My maternal grandfather was a man of many hobbies. He liked to play, arrange, and collect music and he was an avid fly fisherman and wild game hunter. Mainly, he hunted wild birds and deer with his dogs, who he loved to watch ‘work’ as he called it. Through him and his hobbies, I was exposed to a variety of different game meats growing up. One of my favorites was pheasant.
After my grandfather hunted and killed the pheasant, he and my grandmother would marinate and then smoke the birds at their home in upper New York state. During the holidays, my grandmother would put out an enormous spread of food, including a variety of hors d’oeuvres, one of which was the pheasant that they had smoked. My grandfather’s smoked pheasant, along with my grandmother’s homemade liver pate, was one of my favorite things to eat growing up.
Because the pheasant was wild and hunted, as opposed to farm raised and slaughtered, there was always the chance of biting into a piece of bird shot when eating the smoked meat. My grandfather would always warn my brother and me before eating it to chew softly so we did not break our teeth on the lead shot. He then offered us a penny for each piece of shot we found in the meat while eating. This turned into a sort of game for my brother and me to see how many pieces of shot we could find and, subsequently how many pennies we could collect.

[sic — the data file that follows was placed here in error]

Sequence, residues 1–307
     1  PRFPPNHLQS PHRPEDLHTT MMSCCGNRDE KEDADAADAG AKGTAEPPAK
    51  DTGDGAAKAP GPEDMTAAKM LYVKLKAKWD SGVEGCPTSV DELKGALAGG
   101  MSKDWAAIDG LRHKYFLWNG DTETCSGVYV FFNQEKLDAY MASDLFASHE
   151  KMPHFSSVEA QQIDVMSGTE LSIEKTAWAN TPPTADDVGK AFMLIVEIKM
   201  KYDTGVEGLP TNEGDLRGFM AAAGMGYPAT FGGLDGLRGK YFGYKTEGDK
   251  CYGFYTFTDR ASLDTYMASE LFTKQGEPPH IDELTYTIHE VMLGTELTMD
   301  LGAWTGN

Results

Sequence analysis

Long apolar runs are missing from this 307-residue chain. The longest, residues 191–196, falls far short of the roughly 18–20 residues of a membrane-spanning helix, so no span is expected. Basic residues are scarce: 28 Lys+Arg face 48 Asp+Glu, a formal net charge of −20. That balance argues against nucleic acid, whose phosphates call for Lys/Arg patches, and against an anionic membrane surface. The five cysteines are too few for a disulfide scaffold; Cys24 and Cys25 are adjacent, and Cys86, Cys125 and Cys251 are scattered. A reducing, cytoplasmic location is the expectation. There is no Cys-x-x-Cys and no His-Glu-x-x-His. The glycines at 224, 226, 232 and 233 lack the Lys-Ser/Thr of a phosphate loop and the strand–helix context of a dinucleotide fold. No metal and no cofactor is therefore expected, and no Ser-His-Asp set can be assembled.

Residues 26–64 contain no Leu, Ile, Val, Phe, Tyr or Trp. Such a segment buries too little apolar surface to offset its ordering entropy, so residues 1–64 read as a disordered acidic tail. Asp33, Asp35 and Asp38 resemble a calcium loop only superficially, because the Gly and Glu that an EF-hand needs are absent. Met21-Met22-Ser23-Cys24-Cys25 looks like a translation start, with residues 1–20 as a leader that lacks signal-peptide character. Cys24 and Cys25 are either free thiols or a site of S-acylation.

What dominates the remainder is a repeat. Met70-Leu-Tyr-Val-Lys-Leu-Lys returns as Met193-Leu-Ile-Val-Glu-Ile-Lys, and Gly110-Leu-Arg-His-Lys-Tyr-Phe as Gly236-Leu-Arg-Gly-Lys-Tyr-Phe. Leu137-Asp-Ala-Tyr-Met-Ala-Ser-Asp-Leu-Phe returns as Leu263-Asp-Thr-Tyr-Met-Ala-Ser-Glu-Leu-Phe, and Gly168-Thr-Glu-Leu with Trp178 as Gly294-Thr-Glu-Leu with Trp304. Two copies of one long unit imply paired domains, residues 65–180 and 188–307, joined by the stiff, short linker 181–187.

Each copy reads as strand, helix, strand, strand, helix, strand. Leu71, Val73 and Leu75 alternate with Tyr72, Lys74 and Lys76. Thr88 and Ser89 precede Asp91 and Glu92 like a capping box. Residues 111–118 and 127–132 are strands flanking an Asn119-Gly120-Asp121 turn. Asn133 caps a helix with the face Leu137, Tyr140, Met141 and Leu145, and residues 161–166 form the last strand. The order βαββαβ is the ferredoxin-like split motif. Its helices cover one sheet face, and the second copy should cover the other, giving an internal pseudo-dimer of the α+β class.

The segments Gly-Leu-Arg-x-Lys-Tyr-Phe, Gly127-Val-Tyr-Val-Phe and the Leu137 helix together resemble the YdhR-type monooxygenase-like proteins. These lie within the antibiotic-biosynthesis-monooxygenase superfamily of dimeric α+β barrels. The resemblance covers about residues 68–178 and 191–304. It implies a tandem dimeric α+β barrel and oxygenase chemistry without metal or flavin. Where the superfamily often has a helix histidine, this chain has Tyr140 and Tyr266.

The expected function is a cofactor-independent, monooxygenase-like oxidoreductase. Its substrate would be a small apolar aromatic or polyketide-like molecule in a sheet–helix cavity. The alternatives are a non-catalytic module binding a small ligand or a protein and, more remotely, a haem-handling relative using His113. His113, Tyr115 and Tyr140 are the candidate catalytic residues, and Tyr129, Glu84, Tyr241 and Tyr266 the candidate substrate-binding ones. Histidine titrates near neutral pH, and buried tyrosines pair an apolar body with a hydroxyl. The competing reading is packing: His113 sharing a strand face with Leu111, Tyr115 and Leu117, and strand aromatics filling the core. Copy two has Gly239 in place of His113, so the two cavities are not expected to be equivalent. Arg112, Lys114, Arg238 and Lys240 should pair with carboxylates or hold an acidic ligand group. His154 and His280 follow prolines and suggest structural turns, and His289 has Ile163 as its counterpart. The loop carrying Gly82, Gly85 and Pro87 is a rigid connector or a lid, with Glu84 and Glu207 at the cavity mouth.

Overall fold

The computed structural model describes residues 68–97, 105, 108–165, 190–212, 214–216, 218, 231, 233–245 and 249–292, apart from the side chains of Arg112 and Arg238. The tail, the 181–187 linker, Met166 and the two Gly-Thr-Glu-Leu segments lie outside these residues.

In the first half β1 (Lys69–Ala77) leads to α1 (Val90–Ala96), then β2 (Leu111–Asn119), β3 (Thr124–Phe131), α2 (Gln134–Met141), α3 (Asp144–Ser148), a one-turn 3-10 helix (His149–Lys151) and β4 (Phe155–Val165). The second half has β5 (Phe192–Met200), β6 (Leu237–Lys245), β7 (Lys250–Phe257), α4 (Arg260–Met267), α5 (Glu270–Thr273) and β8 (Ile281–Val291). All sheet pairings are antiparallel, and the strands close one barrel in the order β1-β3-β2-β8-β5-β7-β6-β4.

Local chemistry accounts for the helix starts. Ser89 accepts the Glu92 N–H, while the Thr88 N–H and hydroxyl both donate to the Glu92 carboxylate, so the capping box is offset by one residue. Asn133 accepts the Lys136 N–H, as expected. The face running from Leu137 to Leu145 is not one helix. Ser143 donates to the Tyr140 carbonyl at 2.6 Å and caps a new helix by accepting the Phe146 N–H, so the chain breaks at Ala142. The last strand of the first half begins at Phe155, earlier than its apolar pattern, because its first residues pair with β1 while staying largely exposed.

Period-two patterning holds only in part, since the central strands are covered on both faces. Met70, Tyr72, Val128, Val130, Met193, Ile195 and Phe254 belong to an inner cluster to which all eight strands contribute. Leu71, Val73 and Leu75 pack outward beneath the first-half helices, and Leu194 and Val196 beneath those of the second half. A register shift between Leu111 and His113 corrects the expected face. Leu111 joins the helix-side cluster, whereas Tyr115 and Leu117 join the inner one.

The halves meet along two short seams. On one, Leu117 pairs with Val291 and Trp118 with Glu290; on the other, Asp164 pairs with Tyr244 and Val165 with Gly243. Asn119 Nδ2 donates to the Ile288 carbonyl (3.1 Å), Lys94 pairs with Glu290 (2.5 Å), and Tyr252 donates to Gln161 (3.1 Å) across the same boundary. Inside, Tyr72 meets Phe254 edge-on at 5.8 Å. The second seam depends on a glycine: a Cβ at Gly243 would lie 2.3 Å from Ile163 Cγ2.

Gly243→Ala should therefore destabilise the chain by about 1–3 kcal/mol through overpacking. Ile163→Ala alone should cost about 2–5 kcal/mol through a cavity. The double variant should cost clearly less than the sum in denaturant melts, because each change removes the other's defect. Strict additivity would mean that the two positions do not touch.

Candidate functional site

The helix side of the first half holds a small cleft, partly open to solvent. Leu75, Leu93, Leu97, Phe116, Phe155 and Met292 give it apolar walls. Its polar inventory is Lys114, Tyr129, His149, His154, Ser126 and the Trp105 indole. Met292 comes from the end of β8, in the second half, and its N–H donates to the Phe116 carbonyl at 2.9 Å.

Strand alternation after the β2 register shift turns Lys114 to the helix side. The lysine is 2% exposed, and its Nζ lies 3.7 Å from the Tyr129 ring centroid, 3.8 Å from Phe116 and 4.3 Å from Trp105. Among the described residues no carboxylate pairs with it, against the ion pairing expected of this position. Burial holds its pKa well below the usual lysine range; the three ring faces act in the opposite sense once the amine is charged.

Whether he knew it or not, by doing this my grandfather normalized hunting for me. I am not a hunter myself, but it was never weird or scary for me to think about him hunting, killing, cleaning, and cooking the food we ate at his house. This little game of trading shot for a penny made it so that being part of the hunting process, even if at the final stage of eating the game bird, was fun. More than just fun, however, this ritual taught me about how the food, once a living creature, made its way to my plate.
-Robert Van Valkenburgh teaches Taikyoku Budo and Brazilian Jiu-Jitsu at Kogen Dojo